Even though I'm no kind of strict Traditional Foods mama and never will be, I found several traditional foods-type books to be very, very useful for enlarging my ideas about how/what/when to eat for meals and snacks. Nourishing Traditions by Fallon is a huge hippie tome that's just fun to read, Real Food by Planck is shorter and more relevant to the typical 21st-century lifestyle.
To keep the eating in this house reasonably healthy, I:
* avoid buying chips, crackers, cookies, and any sort of food or beverage containing HFCS. I also avoid juice and soda for me and the kids, not because I think juice and soda are Always Evil, but because they add calories we don't need and cut into the amount of water we drink in a day.
*have a "snack basket" for the kids with apples, bananas and organic granola bars. In addition to raisins or strawberries or sunflower seeds or whatever else we might happen to have on hand at any given time, these are the only snack choices.
* bake cookies and bread to satisfy our yen for carbs. I am still trying eliminate the purchase of storebought bread for sandwiches, but it's hard to give up that convenience. So I buy Nature's Own, which is very reasonably priced at Costco and has no HFCS.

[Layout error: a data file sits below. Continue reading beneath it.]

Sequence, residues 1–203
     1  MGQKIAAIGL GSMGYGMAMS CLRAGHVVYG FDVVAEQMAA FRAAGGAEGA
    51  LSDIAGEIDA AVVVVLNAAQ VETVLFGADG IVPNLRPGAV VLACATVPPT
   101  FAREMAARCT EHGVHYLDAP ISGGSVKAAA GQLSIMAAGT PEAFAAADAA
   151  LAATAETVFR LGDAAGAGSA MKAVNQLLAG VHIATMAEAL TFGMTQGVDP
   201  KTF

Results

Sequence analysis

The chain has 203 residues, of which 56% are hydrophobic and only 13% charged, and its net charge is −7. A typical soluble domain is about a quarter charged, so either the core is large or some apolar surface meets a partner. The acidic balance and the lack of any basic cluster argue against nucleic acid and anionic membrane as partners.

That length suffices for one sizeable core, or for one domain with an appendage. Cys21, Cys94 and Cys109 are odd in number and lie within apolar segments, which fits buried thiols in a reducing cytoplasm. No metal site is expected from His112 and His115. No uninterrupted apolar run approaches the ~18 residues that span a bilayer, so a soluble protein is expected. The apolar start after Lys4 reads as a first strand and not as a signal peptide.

* serve a rotation of simple dinners - pasta, beans and rice, grilled chicken/steak, accompanied by salad or frozen veggies. I hate to cook, and I'm bad at it. So simple is what works for us. And no dessert as a regular thing.
* source my milk, eggs and meat from local farmers as much as possible. It takes a while to make the connection with the right people (good prices, convenient pickup location, flavor/texture of meat that meets family expectations), but it's soooooo worth it. I grow produce and visit the farmer's market in the summer and buy some produce locally in other seasons, but the price/quality comparison with industrial organics leads me to buy organic frozen veggies pretty often in the off-season.
My husband, who works at home, eats an exceedingly boring diet of frozen minestrone soup that I make by the crockpot-full every couple of weeks, fruit, coffee, Diet Dr. Pepper (yuck) and whatever I make for dinner. If there is a cookie or cracker in this house, he will find it and gorge himself on it. If there's not, he does fine without it.
The kids and I love fast food, and so we go through the drive-through sometimes. I've decided not to agonize about that, and just try to minimize the junk in the house.
I'd say the first big step in changing one's food lifestyle is to have a SHORTER grocery list. But the ingredients for the dinners you plan to cook that week, milk, eggs, cereal, bread, sandwich fixings and several healthy snack items such as fruit, and nothing else! You will find yourself skipping whole store aisles.
Sorry to write War and Peace here, this is a favorite topic of mine.